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A misplaced modifier is a word, phrase, or clause that is mistakenly separated from the word it is supposed to describe. As a result, the sentence is awkward, confusing, illogical, and sometimes humorous.
A misplaced modifier can be corrected by moving the modifier to a more sensible place in the sentence, usually next to the word it describes.
1. Misplaced: Mary almost read every book in the library. (This means she contemplated reading every book but didn't.)
Correct: Mary read almost every book in the library. (This means she read most, but not all, of the books.)
2. Misplaced: Fred kept a black book of all the girls he had dated in his desk. (This means that Fred dated girls while in his desk.)
Correct: Fred kept in his desk a black book of all the girls he had dated. (This means Fred kept the black book in his desk.)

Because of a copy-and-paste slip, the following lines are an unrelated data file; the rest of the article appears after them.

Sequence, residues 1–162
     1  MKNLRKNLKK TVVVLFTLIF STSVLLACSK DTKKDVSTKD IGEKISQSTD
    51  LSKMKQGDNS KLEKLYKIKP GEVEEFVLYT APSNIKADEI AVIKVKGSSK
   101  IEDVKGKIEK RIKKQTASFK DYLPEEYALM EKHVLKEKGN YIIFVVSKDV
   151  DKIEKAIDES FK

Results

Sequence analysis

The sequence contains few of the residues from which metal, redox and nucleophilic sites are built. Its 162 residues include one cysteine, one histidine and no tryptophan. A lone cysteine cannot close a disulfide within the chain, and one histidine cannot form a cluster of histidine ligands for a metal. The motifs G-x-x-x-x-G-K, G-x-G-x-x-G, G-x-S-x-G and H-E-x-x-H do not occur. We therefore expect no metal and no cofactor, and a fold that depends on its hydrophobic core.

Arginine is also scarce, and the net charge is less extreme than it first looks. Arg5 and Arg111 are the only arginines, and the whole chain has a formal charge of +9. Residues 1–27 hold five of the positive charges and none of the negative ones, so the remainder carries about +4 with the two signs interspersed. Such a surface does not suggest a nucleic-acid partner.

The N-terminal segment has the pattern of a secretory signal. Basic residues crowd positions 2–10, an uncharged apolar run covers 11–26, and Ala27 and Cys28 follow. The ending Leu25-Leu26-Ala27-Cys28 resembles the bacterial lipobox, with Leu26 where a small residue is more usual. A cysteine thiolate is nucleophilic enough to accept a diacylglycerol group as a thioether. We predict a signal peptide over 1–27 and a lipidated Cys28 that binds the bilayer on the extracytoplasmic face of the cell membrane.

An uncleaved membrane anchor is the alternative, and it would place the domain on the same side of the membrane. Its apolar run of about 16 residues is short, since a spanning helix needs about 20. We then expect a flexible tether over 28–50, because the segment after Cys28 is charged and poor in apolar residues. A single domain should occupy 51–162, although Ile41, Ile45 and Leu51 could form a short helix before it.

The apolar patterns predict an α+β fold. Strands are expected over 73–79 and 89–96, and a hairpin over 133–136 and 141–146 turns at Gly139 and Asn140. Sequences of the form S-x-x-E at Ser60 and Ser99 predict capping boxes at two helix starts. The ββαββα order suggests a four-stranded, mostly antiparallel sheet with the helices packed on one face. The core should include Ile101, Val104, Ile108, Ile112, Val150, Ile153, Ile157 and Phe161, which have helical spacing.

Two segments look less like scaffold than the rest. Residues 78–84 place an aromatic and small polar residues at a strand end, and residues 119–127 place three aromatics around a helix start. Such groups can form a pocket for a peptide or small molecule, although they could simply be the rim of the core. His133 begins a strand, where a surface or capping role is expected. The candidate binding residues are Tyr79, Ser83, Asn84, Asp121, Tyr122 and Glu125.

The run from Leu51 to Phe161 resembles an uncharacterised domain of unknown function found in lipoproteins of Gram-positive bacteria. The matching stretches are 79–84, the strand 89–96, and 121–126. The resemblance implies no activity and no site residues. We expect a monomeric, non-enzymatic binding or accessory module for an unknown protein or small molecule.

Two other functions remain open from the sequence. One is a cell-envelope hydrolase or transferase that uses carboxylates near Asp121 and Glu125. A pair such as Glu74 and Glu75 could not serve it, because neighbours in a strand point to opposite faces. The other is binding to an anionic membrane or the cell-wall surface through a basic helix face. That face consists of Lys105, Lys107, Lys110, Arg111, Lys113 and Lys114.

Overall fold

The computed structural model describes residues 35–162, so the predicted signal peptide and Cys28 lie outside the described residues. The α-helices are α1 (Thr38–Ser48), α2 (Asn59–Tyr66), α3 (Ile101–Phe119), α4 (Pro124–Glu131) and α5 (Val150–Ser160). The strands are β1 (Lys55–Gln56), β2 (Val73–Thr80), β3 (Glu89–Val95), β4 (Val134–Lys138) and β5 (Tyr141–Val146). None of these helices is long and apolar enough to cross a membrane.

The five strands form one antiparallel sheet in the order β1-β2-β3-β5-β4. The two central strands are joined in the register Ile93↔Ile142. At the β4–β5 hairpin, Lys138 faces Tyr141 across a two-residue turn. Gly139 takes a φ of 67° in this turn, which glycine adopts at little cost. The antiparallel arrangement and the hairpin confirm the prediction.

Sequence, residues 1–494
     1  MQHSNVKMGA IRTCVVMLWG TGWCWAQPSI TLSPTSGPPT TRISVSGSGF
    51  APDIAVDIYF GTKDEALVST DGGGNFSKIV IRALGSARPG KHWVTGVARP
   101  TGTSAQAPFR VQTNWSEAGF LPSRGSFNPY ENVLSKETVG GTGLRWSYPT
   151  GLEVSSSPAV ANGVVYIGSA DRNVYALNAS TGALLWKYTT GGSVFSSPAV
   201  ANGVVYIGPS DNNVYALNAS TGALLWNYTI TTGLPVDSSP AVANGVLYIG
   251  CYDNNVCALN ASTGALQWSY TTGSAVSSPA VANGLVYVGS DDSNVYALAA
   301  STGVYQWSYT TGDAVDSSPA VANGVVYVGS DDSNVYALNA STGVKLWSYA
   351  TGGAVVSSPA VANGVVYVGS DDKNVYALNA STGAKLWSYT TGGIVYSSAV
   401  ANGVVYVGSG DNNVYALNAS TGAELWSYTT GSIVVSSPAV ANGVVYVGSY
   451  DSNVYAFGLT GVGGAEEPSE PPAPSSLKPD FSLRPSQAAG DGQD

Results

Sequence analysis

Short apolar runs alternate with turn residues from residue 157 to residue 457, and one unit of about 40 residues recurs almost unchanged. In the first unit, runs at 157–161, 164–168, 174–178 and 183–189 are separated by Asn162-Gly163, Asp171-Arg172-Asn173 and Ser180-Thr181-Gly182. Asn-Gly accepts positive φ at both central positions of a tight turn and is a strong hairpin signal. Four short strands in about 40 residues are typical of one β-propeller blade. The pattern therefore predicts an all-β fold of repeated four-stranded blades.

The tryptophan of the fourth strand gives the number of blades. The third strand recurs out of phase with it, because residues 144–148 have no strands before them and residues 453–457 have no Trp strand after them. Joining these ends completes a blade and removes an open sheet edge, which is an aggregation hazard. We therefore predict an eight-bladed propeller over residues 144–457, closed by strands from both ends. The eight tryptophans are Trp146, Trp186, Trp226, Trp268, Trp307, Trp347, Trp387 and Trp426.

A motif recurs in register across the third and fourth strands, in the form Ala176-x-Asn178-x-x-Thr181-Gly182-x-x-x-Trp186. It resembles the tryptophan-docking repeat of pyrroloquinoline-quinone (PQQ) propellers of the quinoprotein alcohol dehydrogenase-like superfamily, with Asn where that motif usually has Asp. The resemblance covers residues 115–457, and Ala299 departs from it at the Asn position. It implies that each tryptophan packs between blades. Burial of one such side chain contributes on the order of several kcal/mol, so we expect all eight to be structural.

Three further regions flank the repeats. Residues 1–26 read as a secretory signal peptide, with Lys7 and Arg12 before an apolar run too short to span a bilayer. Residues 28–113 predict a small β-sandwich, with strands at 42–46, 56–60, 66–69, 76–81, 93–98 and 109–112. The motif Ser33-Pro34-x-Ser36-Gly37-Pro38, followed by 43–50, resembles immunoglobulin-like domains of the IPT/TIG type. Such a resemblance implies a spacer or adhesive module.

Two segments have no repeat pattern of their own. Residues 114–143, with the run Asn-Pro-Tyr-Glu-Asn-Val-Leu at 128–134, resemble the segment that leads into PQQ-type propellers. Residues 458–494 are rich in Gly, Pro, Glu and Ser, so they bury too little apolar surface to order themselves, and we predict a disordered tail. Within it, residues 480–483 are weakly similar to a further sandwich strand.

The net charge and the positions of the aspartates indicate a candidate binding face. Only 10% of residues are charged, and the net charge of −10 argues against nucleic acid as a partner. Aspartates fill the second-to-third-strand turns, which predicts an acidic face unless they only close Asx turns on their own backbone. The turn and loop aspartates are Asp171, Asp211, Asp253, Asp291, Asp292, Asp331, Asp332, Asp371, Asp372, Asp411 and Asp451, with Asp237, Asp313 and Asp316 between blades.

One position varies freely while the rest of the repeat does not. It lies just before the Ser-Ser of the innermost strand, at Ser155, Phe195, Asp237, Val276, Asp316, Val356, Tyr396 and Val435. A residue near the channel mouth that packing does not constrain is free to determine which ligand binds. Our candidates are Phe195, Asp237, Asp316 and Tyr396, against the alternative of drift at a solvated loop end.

3. Misplaced: I showed my dog to the veterinarian with the fleas. (This means the veterinarian has fleas.)
Correct: I showed my dog with the fleas to the veterinarian. (This means the dog has fleas.)
4. Misplaced: The fans were told at midnight the concert would begin. (This means the announcement came at midnight. The start time of the concert is ambiguous.)
Correct: The fans were told the concert would begin at midnight. (This means the concert would start at midnight.)
5. Misplaced: Jane only ate bread for dinner. (This means that all Jane did with the bread was eat it; she did not knead the dough or bake it in the oven.)
Correct: Jane ate only bread for dinner. (This means Jane ate bread for dinner and nothing else.)
|Sheri Ann Richerson|